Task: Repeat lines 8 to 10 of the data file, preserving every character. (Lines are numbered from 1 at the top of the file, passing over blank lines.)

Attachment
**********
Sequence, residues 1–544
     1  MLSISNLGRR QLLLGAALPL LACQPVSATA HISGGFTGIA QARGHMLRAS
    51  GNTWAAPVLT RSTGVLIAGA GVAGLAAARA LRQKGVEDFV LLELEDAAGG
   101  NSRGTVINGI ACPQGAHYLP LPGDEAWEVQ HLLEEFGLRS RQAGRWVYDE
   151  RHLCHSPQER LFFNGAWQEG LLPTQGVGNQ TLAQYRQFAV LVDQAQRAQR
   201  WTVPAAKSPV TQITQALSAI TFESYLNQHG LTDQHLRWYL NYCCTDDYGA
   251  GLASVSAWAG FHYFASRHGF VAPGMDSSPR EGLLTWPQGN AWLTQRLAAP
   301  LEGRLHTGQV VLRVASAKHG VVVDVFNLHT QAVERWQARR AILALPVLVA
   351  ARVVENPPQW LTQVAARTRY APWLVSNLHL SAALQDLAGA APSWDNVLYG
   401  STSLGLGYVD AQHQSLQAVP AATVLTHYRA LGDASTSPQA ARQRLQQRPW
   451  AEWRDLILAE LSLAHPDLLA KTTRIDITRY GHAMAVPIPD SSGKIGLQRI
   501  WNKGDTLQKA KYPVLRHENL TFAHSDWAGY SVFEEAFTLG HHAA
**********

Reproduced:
   301  LEGRLHTGQV VLRVASAKHG VVVDVFNLHT QAVERWQARR AILALPVLVA
   351  ARVVENPPQW LTQVAARTRY APWLVSNLHL SAALQDLAGA APSWDNVLYG
   401  STSLGLGYVD AQHQSLQAVP AATVLTHYRA LGDASTSPQA ARQRLQQRPW